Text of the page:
Who Were the Lowcountry’s First Citizens?

The annual commemoration of Columbus Day provides an opportunity to reflect on the impact of the earliest Europeans to arrive in the New World. As a resident of coastal South Carolina, I’ve often wondered about when Europeans first made contact with the indigenous people of the Lowcountry, and who was here to greet them. To be honest, this subject hasn’t been on my historically-minded radar until recently, so I’m certainly not an expert on South Carolina’s “first citizens.” I have, however, determined to make an effort to learn more and to help spread the knowledge of our region’s earliest inhabitants, and to share that knowledge with the community.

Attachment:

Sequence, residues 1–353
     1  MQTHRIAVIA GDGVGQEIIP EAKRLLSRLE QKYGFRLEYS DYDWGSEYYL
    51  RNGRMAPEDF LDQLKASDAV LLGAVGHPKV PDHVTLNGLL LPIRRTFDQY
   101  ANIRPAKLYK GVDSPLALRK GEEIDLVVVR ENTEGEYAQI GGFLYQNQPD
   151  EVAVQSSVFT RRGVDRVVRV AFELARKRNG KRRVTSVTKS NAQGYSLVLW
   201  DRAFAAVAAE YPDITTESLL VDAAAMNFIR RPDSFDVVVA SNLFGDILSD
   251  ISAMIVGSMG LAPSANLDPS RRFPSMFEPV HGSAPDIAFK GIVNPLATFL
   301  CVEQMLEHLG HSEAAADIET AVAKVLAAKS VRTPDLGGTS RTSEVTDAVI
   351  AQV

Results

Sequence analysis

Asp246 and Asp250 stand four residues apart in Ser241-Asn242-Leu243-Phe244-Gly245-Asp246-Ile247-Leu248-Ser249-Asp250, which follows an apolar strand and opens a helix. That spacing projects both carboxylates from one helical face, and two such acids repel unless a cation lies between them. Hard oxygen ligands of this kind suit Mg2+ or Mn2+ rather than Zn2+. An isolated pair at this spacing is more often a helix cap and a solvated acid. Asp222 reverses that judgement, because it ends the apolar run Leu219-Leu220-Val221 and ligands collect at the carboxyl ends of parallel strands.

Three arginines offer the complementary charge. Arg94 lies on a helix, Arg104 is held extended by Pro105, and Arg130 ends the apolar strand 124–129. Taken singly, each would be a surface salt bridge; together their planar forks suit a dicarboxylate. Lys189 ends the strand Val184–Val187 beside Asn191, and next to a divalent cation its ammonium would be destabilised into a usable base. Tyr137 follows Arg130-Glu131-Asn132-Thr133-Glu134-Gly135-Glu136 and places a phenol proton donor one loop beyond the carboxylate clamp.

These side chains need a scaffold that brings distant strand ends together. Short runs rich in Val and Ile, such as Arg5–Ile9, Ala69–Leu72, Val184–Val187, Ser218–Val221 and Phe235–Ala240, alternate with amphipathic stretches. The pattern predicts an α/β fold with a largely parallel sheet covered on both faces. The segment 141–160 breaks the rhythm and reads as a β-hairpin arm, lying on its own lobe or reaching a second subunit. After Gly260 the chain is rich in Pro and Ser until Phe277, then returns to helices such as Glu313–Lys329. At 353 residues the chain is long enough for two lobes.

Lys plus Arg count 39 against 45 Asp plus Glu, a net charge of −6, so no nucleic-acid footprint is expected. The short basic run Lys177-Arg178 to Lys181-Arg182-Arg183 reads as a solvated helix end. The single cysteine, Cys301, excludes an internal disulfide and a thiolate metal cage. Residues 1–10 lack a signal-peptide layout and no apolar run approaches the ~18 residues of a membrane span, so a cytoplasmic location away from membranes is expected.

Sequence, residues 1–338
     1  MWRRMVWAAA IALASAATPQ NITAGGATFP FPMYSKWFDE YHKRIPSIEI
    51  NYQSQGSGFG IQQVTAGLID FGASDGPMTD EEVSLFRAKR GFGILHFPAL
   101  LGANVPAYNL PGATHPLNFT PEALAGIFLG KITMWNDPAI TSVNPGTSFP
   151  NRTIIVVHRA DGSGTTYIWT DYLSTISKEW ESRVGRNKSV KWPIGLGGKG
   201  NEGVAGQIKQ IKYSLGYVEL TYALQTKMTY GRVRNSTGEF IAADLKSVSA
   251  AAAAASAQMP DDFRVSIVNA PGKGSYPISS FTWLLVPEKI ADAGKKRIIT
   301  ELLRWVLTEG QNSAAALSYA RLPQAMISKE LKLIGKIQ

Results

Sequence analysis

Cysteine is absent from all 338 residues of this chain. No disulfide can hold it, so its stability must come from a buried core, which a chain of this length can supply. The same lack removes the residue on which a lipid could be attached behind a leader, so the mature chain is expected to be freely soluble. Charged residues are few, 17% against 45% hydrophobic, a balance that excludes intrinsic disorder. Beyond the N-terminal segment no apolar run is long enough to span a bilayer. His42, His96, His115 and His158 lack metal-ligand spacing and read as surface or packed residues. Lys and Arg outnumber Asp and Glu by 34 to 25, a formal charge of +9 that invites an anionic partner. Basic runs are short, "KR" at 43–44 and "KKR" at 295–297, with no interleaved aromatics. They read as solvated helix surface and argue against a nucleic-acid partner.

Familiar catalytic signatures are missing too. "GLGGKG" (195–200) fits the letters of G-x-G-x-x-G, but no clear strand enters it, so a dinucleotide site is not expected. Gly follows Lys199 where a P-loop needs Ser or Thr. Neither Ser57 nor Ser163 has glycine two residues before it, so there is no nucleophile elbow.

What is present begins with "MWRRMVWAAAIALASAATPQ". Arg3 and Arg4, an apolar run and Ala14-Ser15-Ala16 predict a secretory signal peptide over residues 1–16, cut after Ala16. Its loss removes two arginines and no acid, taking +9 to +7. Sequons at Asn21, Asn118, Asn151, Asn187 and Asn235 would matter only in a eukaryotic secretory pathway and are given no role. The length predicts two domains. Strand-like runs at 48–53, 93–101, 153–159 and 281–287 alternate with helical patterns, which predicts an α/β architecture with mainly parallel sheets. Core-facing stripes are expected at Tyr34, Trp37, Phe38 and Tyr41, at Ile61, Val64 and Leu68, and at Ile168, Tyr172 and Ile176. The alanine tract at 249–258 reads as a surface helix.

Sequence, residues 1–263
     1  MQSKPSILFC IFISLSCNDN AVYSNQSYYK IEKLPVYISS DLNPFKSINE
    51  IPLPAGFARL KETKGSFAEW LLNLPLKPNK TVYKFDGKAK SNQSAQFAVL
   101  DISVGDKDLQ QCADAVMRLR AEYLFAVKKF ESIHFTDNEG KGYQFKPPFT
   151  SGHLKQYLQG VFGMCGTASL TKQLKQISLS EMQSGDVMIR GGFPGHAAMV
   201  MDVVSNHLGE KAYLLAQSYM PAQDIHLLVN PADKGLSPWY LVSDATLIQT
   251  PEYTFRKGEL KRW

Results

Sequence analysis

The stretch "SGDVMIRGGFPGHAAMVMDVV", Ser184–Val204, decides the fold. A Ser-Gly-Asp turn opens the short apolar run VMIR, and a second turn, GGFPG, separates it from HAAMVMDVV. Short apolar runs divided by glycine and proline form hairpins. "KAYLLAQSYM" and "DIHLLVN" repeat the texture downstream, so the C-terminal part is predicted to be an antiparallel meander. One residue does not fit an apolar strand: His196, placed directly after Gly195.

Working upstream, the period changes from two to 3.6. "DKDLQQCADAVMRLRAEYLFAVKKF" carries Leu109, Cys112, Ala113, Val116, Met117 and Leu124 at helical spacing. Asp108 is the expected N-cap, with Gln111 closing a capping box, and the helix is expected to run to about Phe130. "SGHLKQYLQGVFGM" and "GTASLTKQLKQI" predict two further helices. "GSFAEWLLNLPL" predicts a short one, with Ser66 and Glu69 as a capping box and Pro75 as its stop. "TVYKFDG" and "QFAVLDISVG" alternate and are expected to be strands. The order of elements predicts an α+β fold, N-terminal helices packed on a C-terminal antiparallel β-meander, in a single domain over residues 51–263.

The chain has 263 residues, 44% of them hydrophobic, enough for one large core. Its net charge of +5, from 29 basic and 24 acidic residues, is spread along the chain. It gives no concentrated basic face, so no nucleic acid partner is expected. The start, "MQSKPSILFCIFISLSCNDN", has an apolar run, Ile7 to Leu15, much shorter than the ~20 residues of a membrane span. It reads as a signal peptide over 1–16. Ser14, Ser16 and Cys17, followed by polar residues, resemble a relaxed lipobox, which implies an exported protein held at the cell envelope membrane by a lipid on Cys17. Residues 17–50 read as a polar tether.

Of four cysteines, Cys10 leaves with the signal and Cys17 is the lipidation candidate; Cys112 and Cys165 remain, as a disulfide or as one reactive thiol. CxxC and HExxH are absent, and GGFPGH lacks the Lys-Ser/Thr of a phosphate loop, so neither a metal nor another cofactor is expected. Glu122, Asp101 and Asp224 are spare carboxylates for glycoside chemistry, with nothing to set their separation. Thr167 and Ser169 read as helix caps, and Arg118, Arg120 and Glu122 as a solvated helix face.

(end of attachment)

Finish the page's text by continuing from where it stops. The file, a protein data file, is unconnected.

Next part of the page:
De Soto visits Cofitachequi  in South Carolina: Library of Congress image 3c04378v

De Soto visits Cofitachequi in South Carolina

This evening at 6 p.m. I’ll be presenting a lecture at CCPL called “South Carolina’s Native Americans and First Contact with Europeans.” I’m working on a bibliography of suggested reading on this topic, as well as a timeline of European contacts with our coastal tribes in the sixteenth and seventeenth centuries. Time doesn’t allow us to discuss every tribe that once inhabited the Palmetto State, so our focus will be those indigenous, coastal people who met the earliest Spanish, French, and English visitors. If you’d like to learn more about this topic, I encourage you to join us this evening, or let me know if you’d like to have a copy of the handouts.